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Monrovia Firefighters pose in front of Mount Wilson Observatory’s 60-inch telescope, September 16, 2020. Firefighters on the ground are working diligently to protect the observatory’s structures, holding the fire just at the edge of the summit - Image credit: Mount Wilson Observatory

TMT Acknowledges the California Fires and Mount Wilson

Many major wildfires are devastating lands and homes across the entire west coast, including in California, Oregon and Washington. Although wildland fires are common at this time of the year, the fires experienced this summer are among the region’s most destructive.

The Thirty Meter Telescope International Observatory is deeply saddened by the current situation. Tens of thousands of people across the west coast have lost their homes and have had to evacuate to a safer place.[1] In California alone, over 17,000 firefighters remain in the field battling multiple wildfires under hazardous air quality conditions.[2] Our thoughts are with the affected families and the firefighters and volunteers on the frontlines.

The Bobcat Fire, one of the many ongoing fires in the region, started on September 6 and is still burning at a rapid rate in the Angeles National Forest near Pasadena. Our neighbor residents of the foothill communities have remained under evacuation orders or warnings over the last few days, and we continue to keep them in our thoughts.

In addition to ravaging homes and forest land, the Bobcat Fire has dangerously approached the Mount Wilson Observatory, located atop the San Gabriel Mountains right above Pasadena.

Glow of the Bobcat fire reaching the Mount Wilson Observatory on the morning of September 16 (left) and September 15, 2020 (right)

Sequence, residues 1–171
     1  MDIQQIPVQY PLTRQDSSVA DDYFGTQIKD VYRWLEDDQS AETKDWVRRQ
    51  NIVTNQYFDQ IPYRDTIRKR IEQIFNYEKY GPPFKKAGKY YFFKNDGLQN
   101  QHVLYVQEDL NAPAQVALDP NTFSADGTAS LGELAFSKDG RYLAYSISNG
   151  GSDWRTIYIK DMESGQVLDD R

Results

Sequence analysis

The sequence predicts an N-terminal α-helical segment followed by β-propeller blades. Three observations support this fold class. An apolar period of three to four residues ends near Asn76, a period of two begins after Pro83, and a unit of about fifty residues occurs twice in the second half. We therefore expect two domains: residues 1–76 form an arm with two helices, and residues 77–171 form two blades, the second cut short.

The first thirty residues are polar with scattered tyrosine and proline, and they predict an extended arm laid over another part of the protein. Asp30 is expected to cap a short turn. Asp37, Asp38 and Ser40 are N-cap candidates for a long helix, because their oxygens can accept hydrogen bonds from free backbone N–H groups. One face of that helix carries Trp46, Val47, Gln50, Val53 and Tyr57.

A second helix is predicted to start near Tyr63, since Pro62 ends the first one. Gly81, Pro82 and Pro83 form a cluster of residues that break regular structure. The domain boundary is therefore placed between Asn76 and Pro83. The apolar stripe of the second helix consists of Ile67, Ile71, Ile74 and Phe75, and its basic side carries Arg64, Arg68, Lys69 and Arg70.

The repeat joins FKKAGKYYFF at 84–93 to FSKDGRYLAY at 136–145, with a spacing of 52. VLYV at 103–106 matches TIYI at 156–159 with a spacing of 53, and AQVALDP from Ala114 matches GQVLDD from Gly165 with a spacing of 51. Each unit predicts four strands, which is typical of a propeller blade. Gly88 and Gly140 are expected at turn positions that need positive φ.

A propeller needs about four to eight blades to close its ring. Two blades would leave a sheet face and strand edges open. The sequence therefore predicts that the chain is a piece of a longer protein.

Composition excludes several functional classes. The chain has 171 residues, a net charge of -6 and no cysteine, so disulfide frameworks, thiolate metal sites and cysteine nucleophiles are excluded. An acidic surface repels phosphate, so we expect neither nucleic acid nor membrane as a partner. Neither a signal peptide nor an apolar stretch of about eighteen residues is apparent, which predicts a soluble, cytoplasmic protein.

Glow of the Bobcat fire reaching the Mount Wilson Observatory on the morning of September 16 (left) and September 15, 2020 (right). The fire was less than 1/3 of a mile away from the observatory - Image courtesy by UC San Diego, High Performance Wireless Research & Education Network

Mount Wilson Observatory’s unique facilities and scenic beauty have inspired many people. Founded in 1904 by George Ellery Hale and the Carnegie Institution of Washington, Mount Wilson was the most famous observatory in the world for the first half of the 20th century. The observatory was home to a number of important discoveries, including the first measurement of the Milky Way Galaxy and the expansion of the Universe. At the time, its solar and nighttime telescopes were the largest in the field and their new designs shaped modern astronomy.

 

Thankfully, the Observatory boundaries have been secured and many professionals from LA County fire departments are dedicated to defending the site. TMT is incredibly grateful to everyone who works so hard to protect the historic site where modern observational cosmology began.

 

To the right is a recent letter from Sam Hale, Chairman of the Board of Trustees for the non-profit Mount Wilson Institute, addressing the current situation at Mount Wilson.

Letter from Sam Hale, Chairman of the Board of Trustees for the non-profit Mount Wilson Institute

Letter from Sam Hale, Chairman of the Board of Trustees for the non-profit Mount Wilson Institute, addressing the situation at Mount Wilson on September 2020Mount Wilson.

 

The battle is not over yet; countless firefighters and community members are working tirelessly to contain these record-breaking wildfires. We hope that the region’s affected communities are staying safe and taking care of themselves.

 

You can get notifications from the Department of Forestry and Fire Protection of California and stay safe by signing up for emergency and weather alerts in your county at: https://www.readyforwildfire.org/.

 


[1] Cowan, Jill. When Will the Air Quality Get Better? The New York Times. September 14, 2020. https://www.nytimes.com/2020/09/14/us/california-fires-air-quality.html

[2] California Statewide Fire Summary September 17, 2020. https://www.fire.ca.gov/daily-wildfire-report/


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